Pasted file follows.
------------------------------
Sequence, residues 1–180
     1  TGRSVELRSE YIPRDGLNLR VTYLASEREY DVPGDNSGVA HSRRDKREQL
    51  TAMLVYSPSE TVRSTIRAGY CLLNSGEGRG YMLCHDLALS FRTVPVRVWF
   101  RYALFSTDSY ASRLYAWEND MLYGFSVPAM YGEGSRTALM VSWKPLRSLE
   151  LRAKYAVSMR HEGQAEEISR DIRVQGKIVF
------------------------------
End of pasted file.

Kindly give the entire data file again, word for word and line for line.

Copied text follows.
Sequence, residues 1–180
     1  TGRSVELRSE YIPRDGLNLR VTYLASEREY DVPGDNSGVA HSRRDKREQL
    51  TAMLVYSPSE TVRSTIRAGY CLLNSGEGRG YMLCHDLALS FRTVPVRVWF
   101  RYALFSTDSY ASRLYAWEND MLYGFSVPAM YGEGSRTALM VSWKPLRSLE
   151  LRAKYAVSMR HEGQAEEISR DIRVQGKIVF